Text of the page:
U.S. Senator Evan Bayh
March 18, 2009
A diverse group of 16 Senate Democrats today announced the formation of a new moderate coalition that will meet regularly to shape public policy. The groupâ€™s goal is to work with the Senate leadership and the new administration to craft common-sense solutions to urgent national problems.
Leading the new group are Democratic Senators Evan Bayh of Indiana, Tom Carper of Delaware and Blanche Lincoln of Arkansas. All three leaders are honorary co-chairs of Third Way, a progressive Democratic policy group, and Senators Bayh and Carper have led the centrist Democratic Leadership Council.
In addition to Senators Bayh, Carper and Lincoln, others joining the group are Senators Mark Udall and Michael Bennet of Colorado, Mark Begich of Alaska, Kay Hagan of North Carolina, Herb Kohl of Wisconsin, Mary Landrieu of Louisiana, Joe Lieberman of Connecticut, Claire McCaskill of Missouri, Ben Nelson of Nebraska, Bill Nelson of Florida, Mark Pryor of Arkansas, Jeanne Shaheen of New Hampshire, and Mark Warner of Virginia.
… the Moderate Dems are joined by a shared commitment to pursue pragmatic, fiscally sustainable policies across a range of issues, such as deficit containment, health care reform, the housing crisis, educational reform, energy policy and climate change.
For Blue Dogs, Health Budget Raises Questions of ‘When,’ Not Just ‘How’
By David Clarke
March 16, 2009
As the congressional budget panels prepare to write their fiscal 2010 blueprint, members of the Blue Dog Coalition of fiscally conservative Democrats want to make sure that any expansion of health care coverage is fully paid for–and that its tax or spending offsets are guaranteed to yield savings down the road.
Leaders of the 51-member coalition wrote to the House and Senate Budget committees as well as congressional leaders stating their support for President Obama’s goal of offsetting the cost of a planned health care overhaul. But the Blue Dog leaders said they do not want the savings to be achieved too far in the future if new spending in the short term is going to exacerbate already high federal deficits.
“While we agree that reforming our health care system will eventually lead to savings, it would be irresponsible to take on additional large-scale deficit spending in the short term without the ability to definitively quantify future savings,” Blue Dog leaders wrote March 13 in a two-paragraph letter.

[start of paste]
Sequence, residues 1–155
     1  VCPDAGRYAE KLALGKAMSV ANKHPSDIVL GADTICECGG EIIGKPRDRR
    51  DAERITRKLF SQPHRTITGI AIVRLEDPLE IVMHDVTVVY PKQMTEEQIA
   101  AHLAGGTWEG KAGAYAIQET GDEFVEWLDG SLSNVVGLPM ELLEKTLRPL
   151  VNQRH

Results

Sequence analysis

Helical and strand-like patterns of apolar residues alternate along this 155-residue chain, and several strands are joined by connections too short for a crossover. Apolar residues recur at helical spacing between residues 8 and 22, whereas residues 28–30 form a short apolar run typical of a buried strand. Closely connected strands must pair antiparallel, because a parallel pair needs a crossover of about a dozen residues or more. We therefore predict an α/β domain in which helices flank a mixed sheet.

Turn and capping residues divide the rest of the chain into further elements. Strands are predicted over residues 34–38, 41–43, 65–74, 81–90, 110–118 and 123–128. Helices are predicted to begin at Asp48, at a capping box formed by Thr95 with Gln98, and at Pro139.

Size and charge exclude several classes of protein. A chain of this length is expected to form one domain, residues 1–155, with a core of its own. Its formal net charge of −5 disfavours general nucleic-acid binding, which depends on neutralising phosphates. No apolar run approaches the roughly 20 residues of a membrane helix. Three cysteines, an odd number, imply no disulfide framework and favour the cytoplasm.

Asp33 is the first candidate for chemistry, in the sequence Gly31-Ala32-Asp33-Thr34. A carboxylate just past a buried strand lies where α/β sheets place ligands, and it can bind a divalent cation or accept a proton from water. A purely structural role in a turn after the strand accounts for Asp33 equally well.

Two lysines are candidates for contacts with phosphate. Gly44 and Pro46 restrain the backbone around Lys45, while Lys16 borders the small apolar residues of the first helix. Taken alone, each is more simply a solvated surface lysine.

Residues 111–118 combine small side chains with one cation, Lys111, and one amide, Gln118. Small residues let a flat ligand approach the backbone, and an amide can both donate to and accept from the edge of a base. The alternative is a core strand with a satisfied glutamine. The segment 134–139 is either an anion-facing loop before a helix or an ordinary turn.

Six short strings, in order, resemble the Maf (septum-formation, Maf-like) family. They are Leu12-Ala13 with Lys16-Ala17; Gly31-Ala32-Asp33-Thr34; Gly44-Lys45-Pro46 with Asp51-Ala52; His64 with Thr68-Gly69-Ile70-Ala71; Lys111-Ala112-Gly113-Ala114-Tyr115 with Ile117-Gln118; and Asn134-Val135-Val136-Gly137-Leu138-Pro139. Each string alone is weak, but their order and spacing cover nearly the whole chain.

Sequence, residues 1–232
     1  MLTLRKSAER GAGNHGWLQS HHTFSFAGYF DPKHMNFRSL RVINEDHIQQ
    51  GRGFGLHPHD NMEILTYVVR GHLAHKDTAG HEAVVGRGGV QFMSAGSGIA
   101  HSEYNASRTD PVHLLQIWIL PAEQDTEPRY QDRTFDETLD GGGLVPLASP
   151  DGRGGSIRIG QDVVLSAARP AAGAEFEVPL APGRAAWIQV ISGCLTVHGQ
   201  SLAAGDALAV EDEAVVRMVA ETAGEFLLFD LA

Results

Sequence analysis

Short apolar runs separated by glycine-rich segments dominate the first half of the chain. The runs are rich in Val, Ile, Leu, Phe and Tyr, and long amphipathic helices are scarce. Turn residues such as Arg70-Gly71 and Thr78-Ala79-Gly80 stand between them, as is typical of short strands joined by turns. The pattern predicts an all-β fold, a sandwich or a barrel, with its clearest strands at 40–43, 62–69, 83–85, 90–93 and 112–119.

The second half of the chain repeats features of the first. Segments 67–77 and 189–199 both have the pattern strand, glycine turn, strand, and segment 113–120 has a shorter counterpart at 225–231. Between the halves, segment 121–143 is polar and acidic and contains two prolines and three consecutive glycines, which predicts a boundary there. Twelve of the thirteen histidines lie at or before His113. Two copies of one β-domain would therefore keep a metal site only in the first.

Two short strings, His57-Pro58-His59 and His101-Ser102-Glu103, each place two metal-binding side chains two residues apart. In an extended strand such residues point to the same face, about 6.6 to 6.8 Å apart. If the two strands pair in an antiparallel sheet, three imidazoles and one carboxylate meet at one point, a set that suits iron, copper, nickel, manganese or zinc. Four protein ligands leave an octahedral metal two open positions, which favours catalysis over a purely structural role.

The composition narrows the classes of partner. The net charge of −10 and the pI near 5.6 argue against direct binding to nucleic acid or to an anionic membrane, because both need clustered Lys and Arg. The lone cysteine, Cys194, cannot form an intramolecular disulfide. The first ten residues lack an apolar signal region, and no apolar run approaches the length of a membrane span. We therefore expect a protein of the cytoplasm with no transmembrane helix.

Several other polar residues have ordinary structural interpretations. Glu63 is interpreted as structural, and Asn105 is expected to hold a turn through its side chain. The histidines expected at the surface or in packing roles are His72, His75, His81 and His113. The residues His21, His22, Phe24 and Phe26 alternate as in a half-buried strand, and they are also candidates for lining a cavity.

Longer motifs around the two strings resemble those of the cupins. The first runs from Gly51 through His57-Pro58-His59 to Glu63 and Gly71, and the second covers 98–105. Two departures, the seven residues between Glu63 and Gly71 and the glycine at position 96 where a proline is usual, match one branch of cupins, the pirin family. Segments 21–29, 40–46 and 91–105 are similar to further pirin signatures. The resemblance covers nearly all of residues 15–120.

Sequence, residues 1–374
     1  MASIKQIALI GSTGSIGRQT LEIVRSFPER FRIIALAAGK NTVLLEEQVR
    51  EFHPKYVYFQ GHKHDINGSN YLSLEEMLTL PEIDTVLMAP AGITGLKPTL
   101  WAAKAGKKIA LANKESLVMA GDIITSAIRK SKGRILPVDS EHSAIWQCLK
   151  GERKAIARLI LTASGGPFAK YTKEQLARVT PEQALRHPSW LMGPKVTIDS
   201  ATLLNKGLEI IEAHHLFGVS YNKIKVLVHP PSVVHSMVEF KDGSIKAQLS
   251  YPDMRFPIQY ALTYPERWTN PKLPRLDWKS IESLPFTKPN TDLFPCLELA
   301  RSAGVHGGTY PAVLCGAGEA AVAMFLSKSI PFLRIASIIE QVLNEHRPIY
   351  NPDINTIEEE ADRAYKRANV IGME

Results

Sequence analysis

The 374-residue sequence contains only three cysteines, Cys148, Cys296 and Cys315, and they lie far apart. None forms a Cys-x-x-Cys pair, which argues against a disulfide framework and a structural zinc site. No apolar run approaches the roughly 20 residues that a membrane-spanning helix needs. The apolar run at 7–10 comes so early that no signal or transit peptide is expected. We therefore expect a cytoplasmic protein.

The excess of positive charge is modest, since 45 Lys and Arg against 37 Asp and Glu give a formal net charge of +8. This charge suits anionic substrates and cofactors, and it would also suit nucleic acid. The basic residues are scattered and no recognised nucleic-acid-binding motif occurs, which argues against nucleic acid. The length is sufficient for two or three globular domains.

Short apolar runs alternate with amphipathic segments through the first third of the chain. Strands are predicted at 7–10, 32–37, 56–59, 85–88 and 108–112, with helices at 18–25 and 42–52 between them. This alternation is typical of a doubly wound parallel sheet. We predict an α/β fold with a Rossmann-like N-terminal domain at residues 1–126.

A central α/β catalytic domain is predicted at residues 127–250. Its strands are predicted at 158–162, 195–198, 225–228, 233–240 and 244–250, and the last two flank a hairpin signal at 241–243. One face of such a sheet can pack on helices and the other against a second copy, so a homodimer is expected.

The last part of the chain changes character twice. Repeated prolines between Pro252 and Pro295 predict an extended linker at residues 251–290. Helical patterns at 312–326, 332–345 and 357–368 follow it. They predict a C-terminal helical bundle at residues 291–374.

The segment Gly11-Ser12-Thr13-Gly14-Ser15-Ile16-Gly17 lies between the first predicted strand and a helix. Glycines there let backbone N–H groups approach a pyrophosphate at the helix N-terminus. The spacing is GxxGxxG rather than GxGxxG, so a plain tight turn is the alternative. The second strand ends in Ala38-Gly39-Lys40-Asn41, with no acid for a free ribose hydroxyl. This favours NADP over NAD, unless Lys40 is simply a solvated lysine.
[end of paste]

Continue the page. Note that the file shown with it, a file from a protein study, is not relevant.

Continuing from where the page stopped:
The Blue Dogs are major boosters of the congressional “pay as you go” budget rule that requires new mandatory spending or tax cuts to be fully offset with increases in revenue or spending cuts elsewhere.
By Don McCanne, MD
The Blue Dog coalition in the House of Representatives has often assisted Republicans in preventing the advancement or even the introduction of progressive legislation that increases government spending. Supposedly their mission is merely to avoid deficit spending by enforcing “paygo” rules (all new spending is offset with other program cuts or with new revenues), but all too often they seem to not only support elimination of deficit spending, but also the policy of “no new taxes.” It appears that they are not only concerned about deficits, but they also seem to want to avoid an increase in the size of the federal budget.
Now Sen. Evan Bayh and fifteen of his colleagues have decided to establish a Blue Dog-type coalition in the Senate. In an obvious effort to wield more power from the middle, they “are joined by a shared commitment to pursue pragmatic, fiscally sustainable policies across a range of issues, such as… health care reform…” Ouch!
Although most observers of the Washington political scene believe that the make or break on comprehensive health care reform will occur in the Senate, there are enough Blue Dogs in the House to not be discounted as major players since they could side with the Republicans if new taxes are used to comply with paygo.
But look at what has happened in the Senate. The moderate Democrats are no longer passive observers (not that they ever really were). Now with their newfound power, the battle for cloture has shifted. Instead of Democrats simply requiring one or two Republican votes to invoke cloture, they must also meet the demands of these sixteen Senate Blue Dog look-alikes. The Republicans now not only have one vote to spare on preventing cloture, they also have a very large buffer in the Democratic Party to prevent comprehensive tax-and-spend health care reform.
There goes any adequate government option to the private plans – “because of adverse selection, we can’t pay for it.” There goes adequate subsidies for private plans for average-income Americans – “without new taxes, we can’t pay for it.” There goes adequate regulatory oversight for the private plans – “unless we have high deductibles and stripped down benefits, the people can’t pay for the plans.”
Single payer would provide the Blue Dogs with the reform they want, or should want. Health care budgets would be balanced without increasing spending over our current level. They just have to understand that funneling health care dollars through our tax system is more efficient than turning them over to private insurers. They need to look at all dollars going into health care, and not just the public dollars.